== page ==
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Hebrew is regarded as a former living language which ceased to be a native language 1800 years ago, only to be given a spoken function anew in the late 19th century. Since the re-acquisition of a lost colloquial function has never been documented, Modern Hebrew has become an object of fascination among linguists and laymen alike.In this book the author claims- Modern Hebrew is not a direct continuation of monolingual Semitic Hebrew- Modern Hebrew was created when Yiddish speaker re-lexified their language to Biblical and Mishnaic Hebrew- Yiddish is a Slavic language, derived from Sorbian and…mehr

Produktbeschreibung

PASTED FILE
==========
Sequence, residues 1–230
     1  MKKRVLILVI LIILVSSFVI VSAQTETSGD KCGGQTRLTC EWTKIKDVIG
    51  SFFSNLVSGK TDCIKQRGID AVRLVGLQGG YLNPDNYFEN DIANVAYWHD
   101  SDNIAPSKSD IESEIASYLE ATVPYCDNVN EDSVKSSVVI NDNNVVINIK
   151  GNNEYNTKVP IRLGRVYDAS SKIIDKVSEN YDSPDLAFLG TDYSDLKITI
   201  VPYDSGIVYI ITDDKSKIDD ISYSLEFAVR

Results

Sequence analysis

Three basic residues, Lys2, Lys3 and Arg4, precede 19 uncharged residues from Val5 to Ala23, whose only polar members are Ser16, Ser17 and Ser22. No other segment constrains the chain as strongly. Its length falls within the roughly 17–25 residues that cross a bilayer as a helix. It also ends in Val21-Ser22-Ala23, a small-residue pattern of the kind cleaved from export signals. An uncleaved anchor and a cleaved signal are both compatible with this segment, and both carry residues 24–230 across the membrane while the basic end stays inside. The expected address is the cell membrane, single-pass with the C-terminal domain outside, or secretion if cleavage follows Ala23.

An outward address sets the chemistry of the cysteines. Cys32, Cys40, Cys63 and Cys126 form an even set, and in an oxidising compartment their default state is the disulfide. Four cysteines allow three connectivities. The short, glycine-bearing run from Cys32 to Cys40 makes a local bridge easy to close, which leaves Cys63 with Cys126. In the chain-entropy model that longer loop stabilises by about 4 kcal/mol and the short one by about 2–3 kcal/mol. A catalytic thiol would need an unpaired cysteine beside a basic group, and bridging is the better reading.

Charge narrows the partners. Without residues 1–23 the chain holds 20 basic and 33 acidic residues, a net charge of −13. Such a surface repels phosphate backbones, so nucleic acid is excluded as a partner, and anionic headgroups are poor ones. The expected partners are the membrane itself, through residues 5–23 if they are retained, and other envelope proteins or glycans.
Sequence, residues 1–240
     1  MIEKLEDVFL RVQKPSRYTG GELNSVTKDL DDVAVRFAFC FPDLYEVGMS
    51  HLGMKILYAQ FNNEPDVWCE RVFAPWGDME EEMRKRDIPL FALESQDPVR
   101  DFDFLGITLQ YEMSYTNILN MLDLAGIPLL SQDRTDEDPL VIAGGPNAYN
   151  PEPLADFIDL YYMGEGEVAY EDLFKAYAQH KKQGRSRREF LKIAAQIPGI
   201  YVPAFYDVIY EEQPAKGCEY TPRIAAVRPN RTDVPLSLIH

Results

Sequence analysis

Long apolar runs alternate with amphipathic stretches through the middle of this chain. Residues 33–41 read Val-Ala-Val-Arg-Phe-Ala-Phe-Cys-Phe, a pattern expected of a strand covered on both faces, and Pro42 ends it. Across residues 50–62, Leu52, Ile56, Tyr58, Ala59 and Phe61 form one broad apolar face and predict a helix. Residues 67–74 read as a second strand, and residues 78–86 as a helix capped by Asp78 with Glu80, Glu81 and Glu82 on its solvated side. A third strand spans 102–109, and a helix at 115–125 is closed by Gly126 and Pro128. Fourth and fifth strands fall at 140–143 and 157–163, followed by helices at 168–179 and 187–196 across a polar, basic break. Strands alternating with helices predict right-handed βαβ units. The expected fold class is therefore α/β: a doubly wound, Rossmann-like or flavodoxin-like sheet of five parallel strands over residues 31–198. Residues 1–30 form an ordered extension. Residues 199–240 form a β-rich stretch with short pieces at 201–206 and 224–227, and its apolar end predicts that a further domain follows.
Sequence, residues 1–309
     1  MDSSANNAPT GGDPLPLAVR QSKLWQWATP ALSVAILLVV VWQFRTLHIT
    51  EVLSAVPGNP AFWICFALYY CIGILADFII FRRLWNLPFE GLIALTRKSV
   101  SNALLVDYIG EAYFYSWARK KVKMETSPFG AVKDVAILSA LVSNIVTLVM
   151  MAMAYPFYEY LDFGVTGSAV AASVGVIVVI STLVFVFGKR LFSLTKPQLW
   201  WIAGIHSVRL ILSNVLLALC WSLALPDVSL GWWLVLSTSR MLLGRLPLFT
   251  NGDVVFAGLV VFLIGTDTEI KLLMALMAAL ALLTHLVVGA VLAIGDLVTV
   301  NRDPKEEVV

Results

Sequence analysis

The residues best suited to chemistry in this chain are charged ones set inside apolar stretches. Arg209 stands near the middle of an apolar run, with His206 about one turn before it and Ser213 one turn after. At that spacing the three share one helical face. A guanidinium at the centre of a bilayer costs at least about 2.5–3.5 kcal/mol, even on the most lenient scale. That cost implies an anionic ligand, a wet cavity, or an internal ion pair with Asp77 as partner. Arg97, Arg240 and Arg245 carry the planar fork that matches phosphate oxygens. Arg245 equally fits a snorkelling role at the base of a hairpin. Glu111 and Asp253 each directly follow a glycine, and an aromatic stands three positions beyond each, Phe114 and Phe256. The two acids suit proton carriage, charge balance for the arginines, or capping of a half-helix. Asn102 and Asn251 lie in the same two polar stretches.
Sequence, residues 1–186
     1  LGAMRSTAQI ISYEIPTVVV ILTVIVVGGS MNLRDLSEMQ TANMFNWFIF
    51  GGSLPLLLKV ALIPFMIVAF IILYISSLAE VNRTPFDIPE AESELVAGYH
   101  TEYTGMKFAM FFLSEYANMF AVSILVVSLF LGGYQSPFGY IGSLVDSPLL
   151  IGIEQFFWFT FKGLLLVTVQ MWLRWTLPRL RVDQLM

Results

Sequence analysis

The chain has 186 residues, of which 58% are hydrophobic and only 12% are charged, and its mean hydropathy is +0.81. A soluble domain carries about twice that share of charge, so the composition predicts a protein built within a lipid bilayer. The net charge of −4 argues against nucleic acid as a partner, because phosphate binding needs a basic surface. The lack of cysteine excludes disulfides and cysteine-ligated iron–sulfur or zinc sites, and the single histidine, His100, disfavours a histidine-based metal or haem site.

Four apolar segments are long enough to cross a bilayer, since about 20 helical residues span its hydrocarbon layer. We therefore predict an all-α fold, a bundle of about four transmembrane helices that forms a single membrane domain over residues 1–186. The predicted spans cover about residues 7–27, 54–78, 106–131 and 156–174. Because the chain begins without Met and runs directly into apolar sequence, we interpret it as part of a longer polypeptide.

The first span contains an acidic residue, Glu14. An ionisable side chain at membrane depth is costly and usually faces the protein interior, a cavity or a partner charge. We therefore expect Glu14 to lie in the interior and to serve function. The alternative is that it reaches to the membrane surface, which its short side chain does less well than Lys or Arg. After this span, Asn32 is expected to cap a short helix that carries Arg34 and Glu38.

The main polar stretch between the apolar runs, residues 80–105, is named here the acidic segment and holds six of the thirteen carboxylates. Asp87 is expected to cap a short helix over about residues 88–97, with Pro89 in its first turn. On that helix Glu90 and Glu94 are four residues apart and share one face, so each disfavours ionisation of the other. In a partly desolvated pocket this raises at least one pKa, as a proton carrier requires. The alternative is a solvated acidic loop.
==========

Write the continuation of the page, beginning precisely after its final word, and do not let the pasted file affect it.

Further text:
Hebrew is regarded as a former living language which ceased to be a native language 1800 years ago, only to be given a spoken function anew in the late 19th century. Since the re-acquisition of a lost colloquial function has never been documented, Modern Hebrew has become an object of fascination among linguists and laymen alike.In this book the author claims- Modern Hebrew is not a direct continuation of monolingual Semitic Hebrew- Modern Hebrew was created when Yiddish speaker re-lexified their language to Biblical and Mishnaic Hebrew- Yiddish is a Slavic language, derived from Sorbian and thus, Modern Hebrew is a Slavic LanguageThese claims raise a number of interesting questions: why do most speakers believe that Modern Hebrew is a Semitic language, what are the contributions of Modern Hebrew to the typology of diglossia, historical and genetic linguistics, universal grammar, 2nd language acquisition and political science?